Wow! What an amazing trip. I've just returned from an amazing 2 1/2 week holiday to Japan. I feel that we ate ourselves around Tokyo, Kyoto and Osaka. With Tokyo holding the record for the most Michelin starred restaurants within a city throughout the world, we were excited to have a taste of their unique food culture. Here are a few food highlights BF and I experienced.
Lunch at Ukai-Tei in Ginza will always be one of my most incredible food highlights in my life. We booked in advance and were lucky to experience this one Michelin star teppanyaki restaurant. With our own personal chef with 33 years experience, we sat down to an amazing set menu of:
- Fresh Fish Marinated with a Flavour of Early Summer
- Potato Cream Soup (Servced Cold)
- Seabass Sauted (For me, the savoury highlight dish)
- UKAI Top Quality Beef Steak (Grade A4)
- Fried Rice (BF's dish) and Soba Noodles (my dish)
- Creme Caramel (BF's dish) and Mango Sorbet with Fresh Fruit (my dish)
- Coffee or Tea with Baked Confectionery (including my sweet highlight item - the amazing black sesame macaroon)
To follow on with our Michelin star tour, we turned to Tokyo Cheapo website and decided to have some Cantonese and Shanghainese dishes at Fureika. This one Michelin star restaurant offers extremely well priced lunch set menus during the week. We chose the Noodle course ($25 Australian Dollars per person), which consisted of:
- Assorted 3 kinds appetizer (roast beef, cucumber and root)
- Pan-fried dumpling (the best dumplings I've ever eaten)
- A choice of 6 different noodle dishes. I had the Soy sauce soup noodle wih vegetables, seafood and pork, while BF had the Boiled noodle with ground pork sauce (without soup)
- Today's dessert (tea jelly with coconut milk)
What a great world we currently live in. After searching 'best ramen tokyo', we found Fuunji. This was an experience as the restaurant had:
a) no English signage
b) no English menu
c) multiple awards for 'best ramen' perched up above the ordering machine
d) massive line of locals with the pressure to press a button (of course we wanted to make the right choice) to order our mealAfter some quick finger work on the mobile, we worked out that we ordered their special ramen dish. It was totally flavoursome with a thicker soup consistency than a lot of the other ramen we had tried.
The best way to explain how much we love this place is that we went here three times and it isn't close to our hotel at all. This spicy ramen restaurant served up intense, amazing thick egg noodle bowls of goodness. BF always went for the big meat option, while I was happy with their deluxe with egg, meat and bean sprouts. With my last visit to Kikanbou, I added coriander which helped slightly mellow the spiciness.
Daiwa Sushi at the Tsukiji Fish Market
After checking out the fish market, we headed to the sushi restaurants next door for breakfast. I had looked up Trip Adviser beforehand and found that the top sushi restaurant, Sushidai, required an approximate 4 hour wait. So, we decided to go to Daiwa Sushi, apparently the second best according to Trip Advisor near the fish market. What can I say, we lined up for about 1 1/2 hours for their fresh sushi set ($75 per person). This cramped restaurant only had enough room for a row of standing sushi chefs and a bench for customers to eat at. I felt so rushed to eat, I must say I didn't really enjoy the experience. I also tried sea urchin for the first time and I must say, even though I love other raw seafood including oysters, the sea urchin did test me. I also found the fatty tuna too stringy and the pieces of fish were inconsistent thicknesses.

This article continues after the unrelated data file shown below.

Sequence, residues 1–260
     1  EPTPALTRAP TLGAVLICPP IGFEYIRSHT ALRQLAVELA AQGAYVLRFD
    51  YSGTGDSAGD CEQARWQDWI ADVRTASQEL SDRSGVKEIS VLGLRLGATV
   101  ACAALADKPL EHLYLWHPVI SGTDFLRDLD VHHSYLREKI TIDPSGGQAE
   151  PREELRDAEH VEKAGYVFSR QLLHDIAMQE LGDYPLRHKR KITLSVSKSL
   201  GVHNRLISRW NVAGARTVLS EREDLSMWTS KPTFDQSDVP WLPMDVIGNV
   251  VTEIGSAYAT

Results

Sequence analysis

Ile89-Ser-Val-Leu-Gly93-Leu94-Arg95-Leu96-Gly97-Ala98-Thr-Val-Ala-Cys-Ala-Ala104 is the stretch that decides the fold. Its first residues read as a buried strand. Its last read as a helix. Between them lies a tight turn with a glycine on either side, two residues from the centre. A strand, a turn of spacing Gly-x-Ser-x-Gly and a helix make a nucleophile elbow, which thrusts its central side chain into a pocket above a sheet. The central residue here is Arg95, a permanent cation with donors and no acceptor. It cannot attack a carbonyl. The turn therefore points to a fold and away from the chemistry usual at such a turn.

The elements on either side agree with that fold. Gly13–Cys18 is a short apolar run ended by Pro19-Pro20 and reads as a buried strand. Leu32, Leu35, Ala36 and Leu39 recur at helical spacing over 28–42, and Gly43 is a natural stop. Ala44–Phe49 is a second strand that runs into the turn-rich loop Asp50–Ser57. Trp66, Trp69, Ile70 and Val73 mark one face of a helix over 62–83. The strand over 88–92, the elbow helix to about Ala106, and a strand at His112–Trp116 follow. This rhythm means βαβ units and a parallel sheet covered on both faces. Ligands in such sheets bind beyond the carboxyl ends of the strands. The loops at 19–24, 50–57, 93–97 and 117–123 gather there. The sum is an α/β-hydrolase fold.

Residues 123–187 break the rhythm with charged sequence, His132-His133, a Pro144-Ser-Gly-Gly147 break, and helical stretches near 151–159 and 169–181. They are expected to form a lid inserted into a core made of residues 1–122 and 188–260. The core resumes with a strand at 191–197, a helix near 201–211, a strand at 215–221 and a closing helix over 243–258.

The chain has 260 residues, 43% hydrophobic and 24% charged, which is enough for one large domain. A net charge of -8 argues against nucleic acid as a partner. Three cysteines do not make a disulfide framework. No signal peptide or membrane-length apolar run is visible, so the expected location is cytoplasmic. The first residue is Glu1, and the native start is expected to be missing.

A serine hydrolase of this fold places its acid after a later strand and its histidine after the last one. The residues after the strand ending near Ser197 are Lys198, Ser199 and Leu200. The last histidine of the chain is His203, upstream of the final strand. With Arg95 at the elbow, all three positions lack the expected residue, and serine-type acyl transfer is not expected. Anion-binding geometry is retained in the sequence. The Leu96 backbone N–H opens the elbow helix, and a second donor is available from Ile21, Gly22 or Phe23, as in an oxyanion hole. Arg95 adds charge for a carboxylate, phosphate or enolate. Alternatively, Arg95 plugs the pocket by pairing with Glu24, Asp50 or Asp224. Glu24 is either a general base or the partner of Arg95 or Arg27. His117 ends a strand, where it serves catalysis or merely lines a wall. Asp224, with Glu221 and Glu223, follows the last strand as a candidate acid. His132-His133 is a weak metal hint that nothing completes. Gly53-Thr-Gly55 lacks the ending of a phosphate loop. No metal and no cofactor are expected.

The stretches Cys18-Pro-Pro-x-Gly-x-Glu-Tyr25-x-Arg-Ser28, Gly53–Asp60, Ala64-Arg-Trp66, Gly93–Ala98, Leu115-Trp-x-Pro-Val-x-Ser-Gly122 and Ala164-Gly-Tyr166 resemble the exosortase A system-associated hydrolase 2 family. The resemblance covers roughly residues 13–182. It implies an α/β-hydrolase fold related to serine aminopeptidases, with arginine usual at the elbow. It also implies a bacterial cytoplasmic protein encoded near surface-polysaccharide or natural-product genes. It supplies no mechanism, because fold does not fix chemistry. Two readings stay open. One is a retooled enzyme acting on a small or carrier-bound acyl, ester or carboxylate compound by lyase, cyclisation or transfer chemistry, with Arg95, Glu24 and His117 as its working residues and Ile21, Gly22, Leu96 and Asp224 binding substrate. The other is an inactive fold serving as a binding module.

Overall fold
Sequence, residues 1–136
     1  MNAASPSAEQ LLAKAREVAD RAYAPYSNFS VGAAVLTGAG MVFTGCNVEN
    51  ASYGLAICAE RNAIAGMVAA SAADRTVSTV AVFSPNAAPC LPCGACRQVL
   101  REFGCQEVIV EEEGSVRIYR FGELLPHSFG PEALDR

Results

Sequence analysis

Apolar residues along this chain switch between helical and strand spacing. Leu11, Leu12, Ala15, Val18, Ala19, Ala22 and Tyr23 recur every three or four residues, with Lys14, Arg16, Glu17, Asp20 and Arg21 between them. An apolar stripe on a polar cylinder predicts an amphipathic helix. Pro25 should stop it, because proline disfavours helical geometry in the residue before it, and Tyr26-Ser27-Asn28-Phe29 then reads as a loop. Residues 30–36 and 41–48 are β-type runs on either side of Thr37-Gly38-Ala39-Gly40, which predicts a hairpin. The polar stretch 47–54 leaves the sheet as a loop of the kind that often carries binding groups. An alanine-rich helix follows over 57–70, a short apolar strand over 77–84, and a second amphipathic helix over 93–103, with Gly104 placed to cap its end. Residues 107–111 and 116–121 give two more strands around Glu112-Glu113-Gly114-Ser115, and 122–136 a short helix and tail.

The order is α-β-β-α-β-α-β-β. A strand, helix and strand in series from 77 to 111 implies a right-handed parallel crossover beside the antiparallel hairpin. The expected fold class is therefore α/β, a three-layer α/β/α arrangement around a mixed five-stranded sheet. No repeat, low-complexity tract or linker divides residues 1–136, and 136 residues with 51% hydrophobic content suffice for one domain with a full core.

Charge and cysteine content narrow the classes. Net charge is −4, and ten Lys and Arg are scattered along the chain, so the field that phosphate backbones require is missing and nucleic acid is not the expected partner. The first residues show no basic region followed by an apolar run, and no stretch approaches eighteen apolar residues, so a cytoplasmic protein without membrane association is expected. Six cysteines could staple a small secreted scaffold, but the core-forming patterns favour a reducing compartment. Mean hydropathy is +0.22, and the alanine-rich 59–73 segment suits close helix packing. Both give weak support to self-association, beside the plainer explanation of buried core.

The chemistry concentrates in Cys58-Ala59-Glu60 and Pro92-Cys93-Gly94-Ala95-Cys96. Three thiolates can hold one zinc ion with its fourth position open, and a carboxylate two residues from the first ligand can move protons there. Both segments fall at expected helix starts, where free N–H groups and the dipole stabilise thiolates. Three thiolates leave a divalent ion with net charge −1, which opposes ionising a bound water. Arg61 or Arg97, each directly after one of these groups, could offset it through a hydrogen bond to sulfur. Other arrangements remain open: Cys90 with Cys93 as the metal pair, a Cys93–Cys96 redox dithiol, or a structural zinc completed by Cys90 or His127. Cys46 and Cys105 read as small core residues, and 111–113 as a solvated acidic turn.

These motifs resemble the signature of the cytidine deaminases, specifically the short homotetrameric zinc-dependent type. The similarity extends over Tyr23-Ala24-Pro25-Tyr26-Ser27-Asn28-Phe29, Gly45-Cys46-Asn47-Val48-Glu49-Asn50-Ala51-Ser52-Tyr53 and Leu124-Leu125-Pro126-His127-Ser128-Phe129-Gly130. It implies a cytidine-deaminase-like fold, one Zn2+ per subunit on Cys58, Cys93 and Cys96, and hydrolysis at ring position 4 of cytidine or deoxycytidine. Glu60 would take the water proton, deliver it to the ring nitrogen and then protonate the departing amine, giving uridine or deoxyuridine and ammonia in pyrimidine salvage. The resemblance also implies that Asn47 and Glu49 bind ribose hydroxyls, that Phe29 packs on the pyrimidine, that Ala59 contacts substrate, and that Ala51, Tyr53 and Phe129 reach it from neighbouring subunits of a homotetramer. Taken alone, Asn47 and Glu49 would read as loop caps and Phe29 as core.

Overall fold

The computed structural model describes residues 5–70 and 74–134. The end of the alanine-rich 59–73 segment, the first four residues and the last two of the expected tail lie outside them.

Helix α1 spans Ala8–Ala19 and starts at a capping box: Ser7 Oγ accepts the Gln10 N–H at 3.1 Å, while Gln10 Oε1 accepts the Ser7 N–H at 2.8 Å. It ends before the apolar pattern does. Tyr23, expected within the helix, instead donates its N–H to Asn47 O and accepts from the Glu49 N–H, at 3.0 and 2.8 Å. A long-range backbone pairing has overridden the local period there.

On our last night, BF's school friend who is currently living in Japan, took us to Sushi Zanmai in Kawasaki. Here, we enjoyed a relaxing and delicious sushi dinner, a totally different experience to what we had at the fish market. The fish here was super fresh and it was great to watch them make our pieces in front of us.
Okay, so we have these in Melbourne, however we had to have them when we saw them in Tokyo. No matter where you are in the world, it seems that whenever someone has one of these Twist Potatos in their hand, they also have a beaming smile, grinning from ear to ear. These potatoes were a bargain compared to Melbourne prices, $3 each in Tokyo.
Tokyo Food Show
This department store basement next to Shibuya train station is a foodie's dream. You can purchase fresh produce, meats, seafood, snacks, cakes as well as fully cooked meals. I could have spent a whole day in their looking at all their products and sampling amazing food. The sushi and mochi balls were a couple of my highlights.
Okonomiyaki is one of my favourite dishes and therefore we had to try them in their home town.We were recommended to go to one of the Tsuruhashi Fugetsu restaurants. We had the Modan-Yaki (noodles on okonomiyaki). It was great that they are cooked on hotplate in your table - a show before your meal. They were deceivingly large, we couldn't finish one each!
This place knows meat and we had the best meat we'd ever eaten. We actually came across this as it was the highest rated restaurant in Kyoto and we weren't let down. Amazing, melt-in-the-mouth steaks. No knives given, however no knives needed. We ordered the Wagyu Sirloin Steak (Grade A4) and the Murasawa Sirloin Steak (Grade A5).
La Pâtisserie Des Rêves
As you should know by now, I'm a lover of baked goods and sweets, so I was in heaven at the French patisserie chef, Philippe Conticini's Kyoto cafe. While we were there, we had their cake and coffee set. BF chose an amazing vanilla and white chocolate dessert, while I went for the mango dome. When we were leaving we couldn't resist taking the Saint-Honoré and Gran Cru Chocolat home for a divine treat for later.